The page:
Interestingly the data shows owner-occupiers are more likely to be in arrears than investors, albeit slightly.

Investors have been able to pass at least part of their increased mortgage costs on to their tenants without having to worry about losing them to a different landlord, because there just aren’t an abundance of properties for tenants to move to."

‘Non-performing’ loans as a proportion of credit outstanding according to loan type

  % of non-performing loans
Loan type Sept 2023 2 yrs ago

(Sept 2021)

Owner-occupiers 0.79% 0.87%
Investor 0.73% 0.94%
Owner-occupier interest-only 0.61% 0.88%
Investor interest-only 0.31% 0.43%

Source: APRA Quarterly Property Exposure statistics, September 2023. Based on the value of term loans for each borrowing type.

Exceptions to serviceability rise by over 60 per cent as banks release refinancers out of mortgage prison

A total of $6.71 billion in new home loans approved in July and September inclusive of ADIs were approved outside of banks’ serviceability policies – a rise of $2.56 billion in dollar terms from the previous quarter.

While this accounted for just 4.4 per cent of all new loans funded in the quarter, it was a rise of 61.5 per cent from the previous quarter, where just 2.8 per cent of loans were outside of banks’ serviceability policies.

This notable increase comes after three of Australia’s big four banks, Westpac, CBA and NAB announced in May, June and July respectively, that they would reduce their standard serviceability buffers to 1 per cent for select borrowers who could not refinance under the current 3 per cent buffer, but still met a strict set of other criteria.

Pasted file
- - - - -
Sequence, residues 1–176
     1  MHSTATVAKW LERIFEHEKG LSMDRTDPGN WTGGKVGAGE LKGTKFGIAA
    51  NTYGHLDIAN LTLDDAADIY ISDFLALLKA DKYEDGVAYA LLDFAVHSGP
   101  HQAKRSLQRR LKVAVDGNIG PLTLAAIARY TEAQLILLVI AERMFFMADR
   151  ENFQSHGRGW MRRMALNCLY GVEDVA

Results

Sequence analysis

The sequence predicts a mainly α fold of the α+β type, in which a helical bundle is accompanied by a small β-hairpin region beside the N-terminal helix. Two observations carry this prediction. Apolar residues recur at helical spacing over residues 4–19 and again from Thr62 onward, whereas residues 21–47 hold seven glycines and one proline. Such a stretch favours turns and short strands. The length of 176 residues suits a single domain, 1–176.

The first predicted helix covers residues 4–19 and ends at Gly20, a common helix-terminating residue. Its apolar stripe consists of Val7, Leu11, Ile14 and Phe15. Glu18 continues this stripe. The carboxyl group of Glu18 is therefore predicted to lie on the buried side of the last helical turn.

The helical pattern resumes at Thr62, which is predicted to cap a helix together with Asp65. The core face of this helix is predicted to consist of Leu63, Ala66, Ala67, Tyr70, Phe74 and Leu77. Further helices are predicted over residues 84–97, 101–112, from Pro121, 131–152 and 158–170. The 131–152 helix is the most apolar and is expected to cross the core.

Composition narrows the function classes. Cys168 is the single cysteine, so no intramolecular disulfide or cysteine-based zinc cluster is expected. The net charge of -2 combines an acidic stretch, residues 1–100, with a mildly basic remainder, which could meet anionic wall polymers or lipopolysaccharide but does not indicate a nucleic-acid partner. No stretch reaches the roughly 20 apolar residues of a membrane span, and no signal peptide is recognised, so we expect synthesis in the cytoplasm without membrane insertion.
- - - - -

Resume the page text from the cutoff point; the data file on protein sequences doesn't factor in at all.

Ms Tindall commented:

“The value of new loans approved outside of the banks’ serviceability policies skyrocketed this quarter after three of the big four banks dropped their serviceability stress test from 3 to 1 per cent, for select borrowers looking to refinance earlier this year.

APRA currently requires banks to stress test a refinancer’s income to make sure they can still meet the mortgage repayments if rates rise by a further 3 per cent, although banks can, and do, approve select loans outside of these guidelines.

The banks helping existing borrowers to refinance to lower rates should be congratulated for providing an escape route from mortgage prison.

APRA should consider changing their guidance to encourage more lenders to reduce their standard serviceability tests to help borrowers out of mortgage prison."

New loans recorded as exceptions to serviceability policy

Sept quarter 2023 June quarter 2023 Change from the previous quarter
$6.71 billion

(4.4% of all new loans funded)

$4.16 billion

(2.8% of all new loans funded)

+$2.56 billion
+61.5%

Source: APRA Quarterly ADI Property Exposure statistics for Sept 2023, new lending, ADI’s, released 5 Dec 2023. The proportion is based on new loans funded in the quarter.

Super-sized loans a problem of the past

The value of new home loans with risky levels of debt has dropped for the fifth quarter in a row, clocking in at just 5.7 per cent of all new owner-occupier and investor loans in the September quarter.

This is down from 6.1 per cent in the previous quarter, and well below the peak of 24.3 per cent, in the December 2021 quarter.

Debt-to-income ratios of six and over are considered risky by APRA.

Proportion of new mortgages with a debt-to-income ratio of six times or more

Sept quarter 2023 Last quarter (June 2023) Peak

(Dec 2021)

Debt-to-income of 6 times or higher 5.7% 6.1% 24.3%

Source: APRA Quarterly ADI Property Exposure statistics for Sept 2023, new lending, ADI’s, released 5 Dec 2023. The proportion is based on new owner-occupier and investor loans.

About Chris Dang is an accountant by training and has worked in the Financial Planning industry for many years. Chris brings together property, accounting, and financial planning experience to help clients of Metropole Wealth Advisory create a holistic plan for their wealth.
No comments

Guides

Copyright © 2024 Michael Yardney’s Property Investment Update Important Information
Content Marketing by GridConcepts